“The approach moved from a hypothetical and imaginary one of training an individual to a team-based approach. Teams as the critical agents of change in systems.A team means acollective, shared understanding, and really focusing on a central idea. AMBIT was really an attempt to identify some of the key dilemmas that workers in the field brought to us, and then perhaps rather arbitrarily what started to resonate with us was that there was a tendency in our field to work with 95% of our attention going to work on the dyadic relationship; me and the client (or family), with a kind of a corresponding absence of attention going into the relationships between me and my teammates. It appeared to us that mentalizing is as much as a social capacity as a neurodevelopmental or psychological one. I can only mentalise on the basis that I know I have a network of connections and people whom I trust and whom I know can and do mentalise me. AMBIT, therefore, stresses balancing attention between the relationships with our clients, and those between team members, or between the team and elements of the wider system. AMBIT is trying to create an environment where paying attention to the minds of your working colleagues is as important as the paying it to the minds of your patients, because without such a context, our own mentalizing of our patients is inevitably threatened by the risk, the frustrations, or the despair that are always part of a real engagement.”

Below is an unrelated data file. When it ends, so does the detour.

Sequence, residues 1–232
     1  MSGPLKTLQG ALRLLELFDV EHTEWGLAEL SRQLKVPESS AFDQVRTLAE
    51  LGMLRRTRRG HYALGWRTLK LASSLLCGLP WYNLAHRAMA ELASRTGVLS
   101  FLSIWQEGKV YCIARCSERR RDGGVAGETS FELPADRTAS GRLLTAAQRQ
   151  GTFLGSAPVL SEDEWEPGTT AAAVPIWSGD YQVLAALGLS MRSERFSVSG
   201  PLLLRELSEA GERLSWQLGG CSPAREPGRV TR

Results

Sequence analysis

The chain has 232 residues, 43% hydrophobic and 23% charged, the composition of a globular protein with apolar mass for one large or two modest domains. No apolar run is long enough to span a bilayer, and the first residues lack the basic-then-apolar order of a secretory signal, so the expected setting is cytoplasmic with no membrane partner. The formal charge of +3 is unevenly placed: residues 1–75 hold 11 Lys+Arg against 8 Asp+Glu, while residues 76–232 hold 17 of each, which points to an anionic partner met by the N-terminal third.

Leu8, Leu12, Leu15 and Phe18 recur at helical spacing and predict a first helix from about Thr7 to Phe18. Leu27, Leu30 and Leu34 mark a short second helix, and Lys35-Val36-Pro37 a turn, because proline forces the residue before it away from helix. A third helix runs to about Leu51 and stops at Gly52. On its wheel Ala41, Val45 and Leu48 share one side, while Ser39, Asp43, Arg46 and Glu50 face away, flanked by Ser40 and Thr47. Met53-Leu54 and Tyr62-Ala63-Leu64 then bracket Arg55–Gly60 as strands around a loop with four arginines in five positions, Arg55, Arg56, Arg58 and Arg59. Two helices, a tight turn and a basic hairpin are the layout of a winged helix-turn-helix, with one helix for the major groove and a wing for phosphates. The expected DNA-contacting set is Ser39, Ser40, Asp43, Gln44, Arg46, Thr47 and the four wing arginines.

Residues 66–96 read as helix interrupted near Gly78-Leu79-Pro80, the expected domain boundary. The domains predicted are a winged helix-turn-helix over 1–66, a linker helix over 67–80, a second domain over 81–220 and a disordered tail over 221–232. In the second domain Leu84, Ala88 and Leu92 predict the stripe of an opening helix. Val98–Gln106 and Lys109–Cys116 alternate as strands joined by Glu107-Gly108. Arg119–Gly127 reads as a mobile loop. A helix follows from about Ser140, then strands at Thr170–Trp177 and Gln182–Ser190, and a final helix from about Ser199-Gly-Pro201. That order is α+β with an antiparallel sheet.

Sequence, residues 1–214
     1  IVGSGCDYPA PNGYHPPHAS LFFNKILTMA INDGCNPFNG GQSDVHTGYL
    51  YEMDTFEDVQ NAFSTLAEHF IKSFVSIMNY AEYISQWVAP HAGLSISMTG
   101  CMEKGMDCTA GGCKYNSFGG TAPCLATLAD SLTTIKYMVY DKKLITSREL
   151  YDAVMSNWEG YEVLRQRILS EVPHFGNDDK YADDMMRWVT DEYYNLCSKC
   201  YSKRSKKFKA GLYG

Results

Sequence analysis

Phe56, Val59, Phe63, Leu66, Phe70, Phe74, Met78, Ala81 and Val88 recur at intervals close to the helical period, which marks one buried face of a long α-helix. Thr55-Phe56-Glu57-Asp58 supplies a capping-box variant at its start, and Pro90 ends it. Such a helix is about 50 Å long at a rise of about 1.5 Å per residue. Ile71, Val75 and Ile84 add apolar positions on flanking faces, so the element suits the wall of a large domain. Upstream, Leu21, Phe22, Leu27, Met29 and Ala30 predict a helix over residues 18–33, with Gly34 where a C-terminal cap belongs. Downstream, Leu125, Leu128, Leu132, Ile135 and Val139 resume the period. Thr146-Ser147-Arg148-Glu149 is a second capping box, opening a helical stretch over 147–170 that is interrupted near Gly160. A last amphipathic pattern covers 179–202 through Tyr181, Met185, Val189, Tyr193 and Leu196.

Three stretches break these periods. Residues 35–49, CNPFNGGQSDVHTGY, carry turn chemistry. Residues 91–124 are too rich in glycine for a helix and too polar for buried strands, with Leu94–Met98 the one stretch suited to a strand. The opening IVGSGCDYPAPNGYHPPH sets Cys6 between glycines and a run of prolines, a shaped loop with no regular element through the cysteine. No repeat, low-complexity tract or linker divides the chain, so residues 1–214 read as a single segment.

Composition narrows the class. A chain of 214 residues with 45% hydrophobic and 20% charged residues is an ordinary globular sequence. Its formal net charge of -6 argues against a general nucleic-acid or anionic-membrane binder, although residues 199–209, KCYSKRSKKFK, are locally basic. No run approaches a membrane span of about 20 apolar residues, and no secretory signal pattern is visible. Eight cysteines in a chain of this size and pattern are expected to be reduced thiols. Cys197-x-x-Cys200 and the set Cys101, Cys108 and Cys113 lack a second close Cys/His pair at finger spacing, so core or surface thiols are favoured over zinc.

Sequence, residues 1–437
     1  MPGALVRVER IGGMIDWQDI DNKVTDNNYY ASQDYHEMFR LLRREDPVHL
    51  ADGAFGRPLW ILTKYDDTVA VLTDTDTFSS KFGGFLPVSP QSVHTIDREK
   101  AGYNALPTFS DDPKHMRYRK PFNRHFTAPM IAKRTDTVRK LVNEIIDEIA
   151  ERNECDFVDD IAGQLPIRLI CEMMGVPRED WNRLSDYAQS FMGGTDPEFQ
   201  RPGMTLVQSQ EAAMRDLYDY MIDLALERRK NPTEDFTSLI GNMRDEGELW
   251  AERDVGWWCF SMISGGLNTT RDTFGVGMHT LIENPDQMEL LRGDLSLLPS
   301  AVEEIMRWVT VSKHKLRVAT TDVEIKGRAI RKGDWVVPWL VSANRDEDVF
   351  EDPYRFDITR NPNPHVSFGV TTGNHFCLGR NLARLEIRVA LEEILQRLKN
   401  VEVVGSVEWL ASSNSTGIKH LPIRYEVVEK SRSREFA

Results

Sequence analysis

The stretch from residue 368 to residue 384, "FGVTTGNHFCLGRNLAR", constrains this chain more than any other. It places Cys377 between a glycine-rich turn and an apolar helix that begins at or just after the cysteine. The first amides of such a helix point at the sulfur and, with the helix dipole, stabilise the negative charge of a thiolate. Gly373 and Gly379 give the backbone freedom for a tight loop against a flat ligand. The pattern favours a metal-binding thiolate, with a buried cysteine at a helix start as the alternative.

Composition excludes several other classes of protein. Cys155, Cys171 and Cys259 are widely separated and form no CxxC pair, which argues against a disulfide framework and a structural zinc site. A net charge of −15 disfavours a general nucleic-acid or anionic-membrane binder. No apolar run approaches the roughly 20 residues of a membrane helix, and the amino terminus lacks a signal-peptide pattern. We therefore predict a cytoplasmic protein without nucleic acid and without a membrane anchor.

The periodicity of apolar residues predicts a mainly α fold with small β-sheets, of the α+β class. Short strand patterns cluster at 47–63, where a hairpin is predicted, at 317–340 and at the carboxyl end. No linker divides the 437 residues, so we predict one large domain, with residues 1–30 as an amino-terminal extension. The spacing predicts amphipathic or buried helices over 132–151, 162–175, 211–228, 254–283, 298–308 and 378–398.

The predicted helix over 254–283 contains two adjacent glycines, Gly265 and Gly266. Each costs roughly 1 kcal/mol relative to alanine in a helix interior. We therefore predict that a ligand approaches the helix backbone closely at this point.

Within the AMBIT structure, is the element of dis-integration the most challenging part?